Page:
After a bit of a slow start in the morning everyone but Elif (went with her cousin to do pre-wedding stuff) and Ray (recovering from the night before) headed down to explore the boardwalk next to the Bospherous. It’s amazing the size of the two bridges that cross between the European and Asian continents, granted the ships that have to pass underneath them are ridiculously huge as well. We walked along the water for a while, stopped at a waffle shop for a sweet lunch of fresh thin waffles with (what I believe was) pudding and fruit, eaten like a big thick taco, very sweet but very tasty, everyone was on a sugar high for the next hour or so. We then took a taxi to the Spice Bazaar where we met up with Ray, Elif and Kay. We split up as we did at the Grand Bazaar and myself, Jeremy, Ray, Oliver, Erin and Mike headed into the bazaar, we emerged with a few of us carrying small vacuum-sealed bags of spices, and some Turkish delight. This was the first time I’d actually had Turkish delight and before this I had no idea what it actually was, I’d only ever heard of it as what Edmund was tempted with by the White Witch in C.S. Lewis’ The Lion, the Witch, and the Wardrobe; turns out it is (granted with many, many possible variations) a chewy cross between gelatin and nougat, typically mixed with nuts and rolled in powdered sugar. We were given samples of one made with honey rather than sugar and I think that made the taste so much richer and less overpoweringly sweet. After reconvening in front of yet another (unnamed) beautiful mosque, grabbing a snack of grilled corn (there are vendors everywhere selling this) and splitting a sesame bagel-like bread, we made the trek to our next destination, the Turkish baths.
The Turkish Baths were quite an unusual experience, but definitely fun. We went to one of the oldest bath houses in Istanbul, Cemberlitas Hamami, built by Mimar Sinan in 1584. After selecting one of three options, either a “self-wash” for 35 TL, the traditional “bath” for 55 TL (this is what I, Elif and Kay, Doug’s mom, got), or the bath plus oil massage for 95 TL (Erin upgraded to this) the men and women were separated into different sections of the building (apparently the men went to the original section of the building, the women were in a more recently built part). We were escorted to a dressing room where we were shown lockers to store our belongings, given a thin towel and a disposable bathing suit bottom to put on (apparently the guys were just given the towel) and comfy rubber sandals. Once properly outfitted we were taken to the main bathing room which is a large, steamy, open room with a giant circular warmed marble slab in the center. The marble is higher in the center than on the outsides so the water can run off and we were instructed to lay along one outside edge on our towels. We laid there for 10 minutes or so and then each of us was given a marvelous massage/scrubbing by one of the women working at the bath, first with a rough cloth (it was crazy the amount of dead skin and city grime they managed to scrub off of you, and your skin is amazingly soft after it) then with a soft cloth and lots of lemongrass/balsam scented bubbles. You then were rinsed off with buckets of water, guided over to a nearby fountain where you sat and had your hair washed and then (at least the women) were shown to a warm pool to hang out and relax for as long as we wanted (the girls waited here while Erin had her massage). Then we returned to the ante-room of the main bathing area, were given fluffy warm towels to dry off and went upstairs to change back into our street clothes and then reconvened with all the guys.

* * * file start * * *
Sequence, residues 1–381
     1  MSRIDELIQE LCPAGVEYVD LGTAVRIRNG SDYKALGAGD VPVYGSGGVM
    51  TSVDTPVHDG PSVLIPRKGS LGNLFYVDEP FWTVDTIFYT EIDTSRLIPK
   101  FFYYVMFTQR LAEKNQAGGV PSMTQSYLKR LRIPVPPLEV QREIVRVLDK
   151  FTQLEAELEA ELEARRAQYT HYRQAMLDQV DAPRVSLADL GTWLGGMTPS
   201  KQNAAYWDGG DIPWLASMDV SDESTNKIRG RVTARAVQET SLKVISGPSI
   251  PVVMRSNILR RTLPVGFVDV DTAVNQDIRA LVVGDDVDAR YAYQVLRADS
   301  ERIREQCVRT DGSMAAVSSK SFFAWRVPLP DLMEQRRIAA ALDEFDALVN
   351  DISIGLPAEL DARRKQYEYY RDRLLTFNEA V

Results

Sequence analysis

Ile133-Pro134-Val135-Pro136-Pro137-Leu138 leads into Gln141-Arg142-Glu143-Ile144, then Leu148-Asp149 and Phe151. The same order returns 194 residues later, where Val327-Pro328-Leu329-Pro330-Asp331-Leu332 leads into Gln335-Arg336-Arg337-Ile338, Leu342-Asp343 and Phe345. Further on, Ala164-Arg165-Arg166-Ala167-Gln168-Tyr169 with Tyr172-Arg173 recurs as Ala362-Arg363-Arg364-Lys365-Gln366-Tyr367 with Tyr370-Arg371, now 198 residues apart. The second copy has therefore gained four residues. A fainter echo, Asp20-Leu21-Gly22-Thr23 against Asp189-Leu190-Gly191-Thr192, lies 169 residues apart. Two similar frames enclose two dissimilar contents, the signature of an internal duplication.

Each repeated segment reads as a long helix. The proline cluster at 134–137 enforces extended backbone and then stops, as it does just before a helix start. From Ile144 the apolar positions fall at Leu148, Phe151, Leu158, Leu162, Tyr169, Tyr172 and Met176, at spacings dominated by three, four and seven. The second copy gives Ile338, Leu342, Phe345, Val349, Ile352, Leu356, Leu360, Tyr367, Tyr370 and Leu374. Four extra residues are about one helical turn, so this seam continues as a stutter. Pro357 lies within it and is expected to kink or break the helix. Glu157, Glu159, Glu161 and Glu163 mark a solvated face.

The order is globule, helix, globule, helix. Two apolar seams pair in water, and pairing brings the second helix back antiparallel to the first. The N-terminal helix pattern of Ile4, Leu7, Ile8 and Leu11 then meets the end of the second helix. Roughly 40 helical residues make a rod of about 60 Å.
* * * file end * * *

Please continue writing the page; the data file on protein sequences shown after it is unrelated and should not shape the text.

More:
Elif, Doug and Kay parted ways with us after the baths to go to dinner with Elif’s extended family while the rest of us wandered through the city for a bit back towards the Spice Bazaar where we had dinner at a kebab restaurant recommended to us by our tour guide the day before. We had a similar selection of mezes (only chose 4 this time) then we each had an entree (Jeremy and I split a larger version of the Turkish “pizza” we had the first night and a lamb kebab), wine (note to self, ask how much the wine is before ordering it, 60 TL per bottle was a bit steep), and ended the evening with Turkish tea (or coffee in Mike’s case, which is like other European-style coffees, very strong and served in very tiny cups) and a variety of baklava that was like angel-hair phyllo dough wrapped around honeyed pistachios. One more speedy cab ride (Mike, Erin, Jeremy and I in one cab, Ray, Randy and Oliver in the other…throughout all the cab rides today, 3 in total, ours always arrived at our destination first, we would totally win this leg on Amazing Race) and we were back to the hotel, checking email, and agreed to meet up at 9am for breakfast the next morning and afterwards we would take the ferry to visit the Prince’s Islands off the coast for the day before the wedding festivities in the evening.